Bonnie Marcus: 00:15:35 It’s interesting since the book launched March 9th, I’ve had, I dunno, there’s 30, some odd Amazon reviews right now. It’s an eye opener to see the reviews by men who have read the book and say that women of all ages should read this as well as men, because age-ism applies to men and a lot of these tools and a lot of the coaching advice and suggestions I make in the book apply for men as well. It’s an eye opener for men to understand what women are going through, how do we feel when we’re looking at ourselves in zoom? When, when we looked in the mirror and we start to see things are sagging and we don’t look like we used to look and how hard we can be on ourselves. And so I think that it’s helpful for men to understand how the pressure that we feel, as professional women, especially as we’re aging in this society that we live in. The book not done yet applies to both men and women. But I think it’s a very personal journeys for me as well, there’s a lot of my personal story in that book about how I feel, about my own aging and the stories that some women have shared with me about their experiences in the workplace, which are horrific. It made me so mad hearing stories about what some of these women are going through and the demeaning comments and treatment, and just being pushed out based on their age, certainly not the value they bring, that I wanted to bring awareness to this issue. One thing, and I guess it was the a couple of years ago now I wrote an op-ed in the Chicago Tribune about how gendered age-ism is the next me too movement. And the reason I said that, and I feel very strongly about it is before we have the me too movement. Women were silent, very quiet about the experiences that they had in the workplace, especially relative to sexual abuse and harassment. We didn’t have a safe environment to talk about it and we didn’t feel comfortable filing complaints, we didn’t have any legal backing. And then when the Me Too movement came, that really changed the dynamics where women feel now more empowered to come forward. But with gendered age-ism I find that a lot of women are ashamed to talk about it, they’re also very quiet, they’re suffering in silence, they don’t want to bring attention to their age, to even file a complaint or to address this with coworkers when they feel this kind of treatment. And I think we need to bring more awareness and more consciousness raising for women to feel more safe, to be able to talk about some of the unfair treatment that they’re getting in the workplace.

Tesse: 00:18:51 Yeah, so what I’m hearing is that there’s work to be done. Yeah, paula, over to you, you have your fun questions, don’t you? that You ask what’s your fun question for Bonnie?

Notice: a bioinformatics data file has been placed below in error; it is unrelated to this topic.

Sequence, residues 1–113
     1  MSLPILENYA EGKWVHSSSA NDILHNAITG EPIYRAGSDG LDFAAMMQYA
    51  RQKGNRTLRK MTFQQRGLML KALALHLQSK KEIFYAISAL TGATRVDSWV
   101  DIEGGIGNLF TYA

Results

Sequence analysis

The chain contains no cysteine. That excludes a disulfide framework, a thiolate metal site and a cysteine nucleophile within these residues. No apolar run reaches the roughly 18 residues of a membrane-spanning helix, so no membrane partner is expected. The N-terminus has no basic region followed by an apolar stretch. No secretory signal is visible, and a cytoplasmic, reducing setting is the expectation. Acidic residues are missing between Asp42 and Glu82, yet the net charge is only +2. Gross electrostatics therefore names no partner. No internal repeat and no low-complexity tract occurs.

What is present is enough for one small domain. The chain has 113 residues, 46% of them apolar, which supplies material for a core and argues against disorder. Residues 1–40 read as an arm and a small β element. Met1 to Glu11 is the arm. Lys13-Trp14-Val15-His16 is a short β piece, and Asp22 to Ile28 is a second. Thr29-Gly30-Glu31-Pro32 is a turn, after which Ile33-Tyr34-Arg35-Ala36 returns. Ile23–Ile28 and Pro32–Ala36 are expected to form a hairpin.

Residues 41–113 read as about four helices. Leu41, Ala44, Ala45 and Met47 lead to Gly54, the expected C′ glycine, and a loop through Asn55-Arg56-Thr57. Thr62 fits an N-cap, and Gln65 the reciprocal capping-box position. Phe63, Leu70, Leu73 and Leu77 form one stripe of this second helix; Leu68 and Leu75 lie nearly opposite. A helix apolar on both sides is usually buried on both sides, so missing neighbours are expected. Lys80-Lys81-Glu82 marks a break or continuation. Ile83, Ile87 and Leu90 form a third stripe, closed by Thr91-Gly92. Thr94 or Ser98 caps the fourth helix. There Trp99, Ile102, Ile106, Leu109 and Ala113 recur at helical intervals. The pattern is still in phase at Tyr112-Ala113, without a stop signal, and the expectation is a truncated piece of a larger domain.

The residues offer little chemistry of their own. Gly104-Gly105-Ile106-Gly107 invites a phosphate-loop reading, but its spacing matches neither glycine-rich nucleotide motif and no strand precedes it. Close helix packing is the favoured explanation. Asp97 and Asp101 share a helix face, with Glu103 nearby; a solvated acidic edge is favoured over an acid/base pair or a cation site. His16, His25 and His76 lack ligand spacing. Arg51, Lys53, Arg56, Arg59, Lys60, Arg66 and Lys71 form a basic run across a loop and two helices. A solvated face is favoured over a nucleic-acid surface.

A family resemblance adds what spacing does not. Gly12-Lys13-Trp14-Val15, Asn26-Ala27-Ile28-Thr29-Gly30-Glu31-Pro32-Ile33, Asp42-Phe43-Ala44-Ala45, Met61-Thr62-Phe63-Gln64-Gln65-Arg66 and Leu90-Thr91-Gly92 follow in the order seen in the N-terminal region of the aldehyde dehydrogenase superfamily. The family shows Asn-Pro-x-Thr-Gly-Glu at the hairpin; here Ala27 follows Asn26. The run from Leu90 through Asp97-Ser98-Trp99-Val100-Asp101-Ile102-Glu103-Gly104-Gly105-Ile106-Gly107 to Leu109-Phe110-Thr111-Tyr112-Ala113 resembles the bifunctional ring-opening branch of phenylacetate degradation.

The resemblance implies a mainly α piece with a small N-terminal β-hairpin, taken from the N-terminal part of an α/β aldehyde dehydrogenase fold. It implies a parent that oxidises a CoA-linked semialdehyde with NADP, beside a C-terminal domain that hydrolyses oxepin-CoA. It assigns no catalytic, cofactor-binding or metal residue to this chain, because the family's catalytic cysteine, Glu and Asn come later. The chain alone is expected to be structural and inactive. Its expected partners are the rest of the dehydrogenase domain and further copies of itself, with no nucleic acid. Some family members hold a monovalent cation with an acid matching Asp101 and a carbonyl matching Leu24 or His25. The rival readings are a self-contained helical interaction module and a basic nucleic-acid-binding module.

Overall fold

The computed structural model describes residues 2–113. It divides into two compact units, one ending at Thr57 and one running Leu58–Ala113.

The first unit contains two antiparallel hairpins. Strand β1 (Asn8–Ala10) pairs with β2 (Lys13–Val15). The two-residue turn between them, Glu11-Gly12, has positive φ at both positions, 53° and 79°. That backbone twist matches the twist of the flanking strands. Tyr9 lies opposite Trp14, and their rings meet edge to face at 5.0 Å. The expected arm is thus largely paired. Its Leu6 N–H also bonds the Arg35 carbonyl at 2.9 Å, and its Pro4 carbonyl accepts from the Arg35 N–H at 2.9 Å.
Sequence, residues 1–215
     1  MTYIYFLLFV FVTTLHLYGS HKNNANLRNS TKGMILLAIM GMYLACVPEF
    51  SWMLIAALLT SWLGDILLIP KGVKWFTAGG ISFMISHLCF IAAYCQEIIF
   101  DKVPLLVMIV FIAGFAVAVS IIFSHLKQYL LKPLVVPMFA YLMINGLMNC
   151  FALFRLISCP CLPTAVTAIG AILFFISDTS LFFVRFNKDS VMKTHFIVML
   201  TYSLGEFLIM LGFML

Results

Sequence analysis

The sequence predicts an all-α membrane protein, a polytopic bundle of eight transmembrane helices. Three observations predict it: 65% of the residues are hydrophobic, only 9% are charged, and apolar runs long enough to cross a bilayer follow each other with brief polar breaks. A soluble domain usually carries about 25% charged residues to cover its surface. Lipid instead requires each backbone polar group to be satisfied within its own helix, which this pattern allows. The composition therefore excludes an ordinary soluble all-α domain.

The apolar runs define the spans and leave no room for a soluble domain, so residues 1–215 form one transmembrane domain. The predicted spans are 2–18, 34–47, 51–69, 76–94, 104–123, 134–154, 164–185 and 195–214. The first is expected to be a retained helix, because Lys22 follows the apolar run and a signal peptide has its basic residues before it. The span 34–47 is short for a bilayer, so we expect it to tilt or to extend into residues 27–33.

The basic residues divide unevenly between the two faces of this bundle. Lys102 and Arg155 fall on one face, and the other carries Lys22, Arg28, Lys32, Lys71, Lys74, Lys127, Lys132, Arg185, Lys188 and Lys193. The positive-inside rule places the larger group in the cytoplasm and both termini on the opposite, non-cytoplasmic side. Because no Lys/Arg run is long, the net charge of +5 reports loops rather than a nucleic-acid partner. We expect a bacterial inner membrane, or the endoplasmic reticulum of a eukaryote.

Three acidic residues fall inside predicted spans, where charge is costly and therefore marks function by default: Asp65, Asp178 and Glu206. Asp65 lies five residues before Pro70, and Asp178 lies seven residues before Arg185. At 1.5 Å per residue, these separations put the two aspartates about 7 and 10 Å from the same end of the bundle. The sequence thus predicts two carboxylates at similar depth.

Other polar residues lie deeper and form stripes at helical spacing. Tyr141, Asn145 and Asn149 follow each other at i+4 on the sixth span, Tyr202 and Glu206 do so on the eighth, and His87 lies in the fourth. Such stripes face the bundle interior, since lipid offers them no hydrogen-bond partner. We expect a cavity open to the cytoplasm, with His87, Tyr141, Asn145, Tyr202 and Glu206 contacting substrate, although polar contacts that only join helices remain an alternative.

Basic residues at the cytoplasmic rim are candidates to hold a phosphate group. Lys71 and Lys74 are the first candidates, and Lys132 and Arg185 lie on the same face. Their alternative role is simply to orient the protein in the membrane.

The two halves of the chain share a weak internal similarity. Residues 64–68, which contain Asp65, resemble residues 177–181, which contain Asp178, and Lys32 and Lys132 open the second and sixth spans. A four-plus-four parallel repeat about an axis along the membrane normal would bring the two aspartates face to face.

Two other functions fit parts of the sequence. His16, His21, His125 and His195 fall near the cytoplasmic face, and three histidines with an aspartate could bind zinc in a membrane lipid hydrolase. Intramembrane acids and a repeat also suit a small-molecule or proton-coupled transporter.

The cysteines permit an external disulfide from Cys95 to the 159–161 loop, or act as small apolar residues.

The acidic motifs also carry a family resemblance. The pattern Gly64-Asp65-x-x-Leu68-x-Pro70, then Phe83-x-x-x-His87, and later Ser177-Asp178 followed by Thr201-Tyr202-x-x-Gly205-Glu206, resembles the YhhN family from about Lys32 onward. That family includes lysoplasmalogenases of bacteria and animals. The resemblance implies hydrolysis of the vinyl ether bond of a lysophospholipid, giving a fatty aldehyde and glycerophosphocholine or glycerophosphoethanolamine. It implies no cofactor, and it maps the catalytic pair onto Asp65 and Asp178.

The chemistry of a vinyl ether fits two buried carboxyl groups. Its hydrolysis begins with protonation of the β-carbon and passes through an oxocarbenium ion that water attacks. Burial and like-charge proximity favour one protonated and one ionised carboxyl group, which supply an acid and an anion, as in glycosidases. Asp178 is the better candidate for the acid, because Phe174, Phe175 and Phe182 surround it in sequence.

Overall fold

Paula: 00:19:00 Yes, but after such a serious topic where we could all relate, you were like. Yes Bonnie, thank you for being the voice out there, one of the voices out there. I have a fun question, sometimes we get some fun answers back and sometimes we don’t. So I’ll take a chance and ask you, what is your favorite emoji?

Bonnie Marcus: 00:19:27 Yes, it’s pretty traditional, my favorite one is the little heart blowing a kiss, I mean, that’s the most common one that I use a lot of other great ones, but I use that one a lot.

Paula: 00:19:40 Nice, nice I was able to create one. I have a Samsung galaxy, I was able to create an emoji, which kind of took a picture of myself, of me and created the emoji, and occasionally I put it in text messages or messenger and people are always shocked. Oh my gosh, it looks like you

Bonnie Marcus: 00:19:59 we’re so used to emojis. What will we do without them? Like the one where you’re vomiting.

Tesse: 00:20:06 Bonnie you really touched my heart, really. Because even with the thing you were saying about emojis, you just reached the parts, but the other things don’t reach because I had found that now that I can’t hug people, those emojis do the hugging for me. And actually there have been really good proxies that I’m not feeling so emotionally distanced when I can put an emoji with the heart and the hand and they’re the one for support when I can do that, I actually feel not so broken cause I’m a hugger.

Bonnie Marcus: 00:20:36 Yeah, I hear you so am I.

Paula: 00:20:40 She’s a hugger and she’s very articulate, she’s always been my friend with words, I was never one with words, but that’s another story. Any last words for our audience, Bonnie?

Bonnie Marcus: 00:20:54 I, last word are really to probably own your story. That is not just about age, that is about really owning the value, the wisdom, the experience that you bring to the table, regardless of your age or your gender, your sexual orientation. I think that we are not really well connected, we’re so externally focused, especially these days, we’re looking at what everybody else is doing on social media, and we lose the connection with everything that we bring forward and how we can help, whether it’s to our business, how we can serve others or through networking, how we can serve others, we first need to really understand what we have to offer. So owning your story, I think are my last words.

Paula: 00:21:46 That’s the last powerful words for the episode. Not for you, not forever.

Bonnie Marcus: 00:21:50 No, no, you know why because i’m not done yet.

Paula: 00:21:56 Yeah, ah boy, I loved how you tied that in.

Tesse: 00:22:01 I love it. I love it. I love it.

Paula: 00:22:05 So now we’re going to wrap it up. Thank you so much, Bonnie, for coming on to “TesseTalks” and for our wonderful listeners, please head over to Apple podcasts, Google podcasts, Spotify, or anywhere else where you listen to podcasts and please click subscribe. If you like what you’ve heard, we’ll also ask you for a raving review. And lastly, if you have any topics or questions that you’d like us to cover, please let us know, especially if they’re related to leadership or governance, or it can also be a personal question. And if you’d like to be a guest on “TesseTalks” please head over to to apply. Thank you all for being a faithful listeners. And thank you, Bonnie, and thank you, of course to our amazing hosts, Tesse Akpeki.

Tesse: 00:22:58 Don’t forget yourself, you’re great.

Paula: 00:23:02 And to me.

Tesse: 00:23:03 Yeah, absolutely, Paula, what would I do without my Paula? Bonnie, thank you so much you’re just, if I were the star before follower, like really, follower. I am now a big, even bigger super follower. So it’s super fun, Bonnie, thank you.

Bonnie Marcus: 00:23:21 Thank you so much, this was a fun conversation.

Paula: 00:23:25 It’s always fun, our guests are always amazing and you have not disappointed us. Thank you.